Patient safety: unrecognised oesophageal intubation

Patient safety lies at the heart of healthcare. It is one of the most significant concerns across the NHS and independent sector and is a key priority for the College. A key factor to driving forward patient safety is maximising the things that go right and minimising the things that go wrong. Learning from mistakes by addressing systemic factors in order to prevent future harm is essential to improving patient safety.

Unrecognised oesophageal intubation

The College has received a coroners report where an oesophageal intubation took place and was not recognised in time to save the life of the patient. Unrecognised oesophageal intubation is preventable through adherence to published recommendations on the monitoring of exhaled carbon dioxide (capnography) and its correct interpretation. The College endorses the Preventing unrecognised oesophageal intubation consensus guidelines produced by the Project for Universal Management of Airways.

Coroners Report

Here you can find three coroners reports on unrecognised oesophageal intubation:

Coroners report September 2021 - an updated response from the Association, College and DAS is available here

Coroners report January 2018

Coroners report November 2017

No trace = wrong place

We previously launched the popular No Trace = Wrong Place campaign to highlight the correct use of capnography to prevent undetected oesophageal intubation.

All clinicians involved in airway management should watch the College and DAS video on capnography. We ask that they always remember 'No Trace = Wrong Place' and actively seek to exclude oesophageal intubation when a flat capnograph trace is encountered.

This short video is only seven minutes long - perfect to watch on your coffee break:


Video resources

We have a collection of videos that are highly informative and worth sharing with your colleagues.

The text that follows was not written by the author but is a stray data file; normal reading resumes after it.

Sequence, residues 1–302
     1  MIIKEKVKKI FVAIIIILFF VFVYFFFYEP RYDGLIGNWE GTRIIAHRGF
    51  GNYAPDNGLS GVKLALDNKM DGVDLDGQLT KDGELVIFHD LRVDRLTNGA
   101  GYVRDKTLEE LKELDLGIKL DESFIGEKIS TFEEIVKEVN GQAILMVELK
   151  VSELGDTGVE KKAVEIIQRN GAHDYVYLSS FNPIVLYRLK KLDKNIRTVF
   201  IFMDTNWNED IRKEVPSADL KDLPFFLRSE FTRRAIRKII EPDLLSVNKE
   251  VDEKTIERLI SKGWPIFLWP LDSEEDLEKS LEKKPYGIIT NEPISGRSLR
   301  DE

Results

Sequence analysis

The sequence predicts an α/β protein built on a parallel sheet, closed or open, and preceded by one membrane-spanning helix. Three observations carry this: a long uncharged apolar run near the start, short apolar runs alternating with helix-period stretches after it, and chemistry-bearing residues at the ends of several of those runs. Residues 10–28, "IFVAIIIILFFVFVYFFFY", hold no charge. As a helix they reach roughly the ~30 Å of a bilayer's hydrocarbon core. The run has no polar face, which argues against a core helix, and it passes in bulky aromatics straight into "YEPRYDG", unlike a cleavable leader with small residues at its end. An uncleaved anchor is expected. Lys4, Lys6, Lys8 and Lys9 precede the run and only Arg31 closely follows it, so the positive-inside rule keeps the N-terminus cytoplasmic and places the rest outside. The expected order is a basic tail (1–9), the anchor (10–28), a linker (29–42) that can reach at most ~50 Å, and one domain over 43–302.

Watch videos


Read the Bulletin articles 

Multidisciplinary team training

Multidisciplinary team training has an important role to play in rehearsing emergency drills, embedding non-technical skills in practice and allowing teams to learn how to function well as a whole within a flattened hierarchy. We have developed the following resources to support departments to deliver team training:

We recognise that time is the biggest barrier to team training and have thus developed three short, flash card simulations to enable this to be delivered as a talk-through scenario in 5 minutes. We ask all departments to use these flash cards on the subject of unrecognised oesophageal intubation and to provide us with feedback.

The flashcards can be downloaded here

Tea trolley training
Dr Fiona Kelly using tea trolley resources

SALG recommendation for capnography positioning and appearance on monitoring screens

SALG has released a recommendation on capnography positioning and appearance on monitoring screens with the aim of preventing unrecognised oesophageal intubation. The statement can be read on SALG's website SALG Statement on Waveform Capnography

If you have any queries about our patient safety workstream, please contact us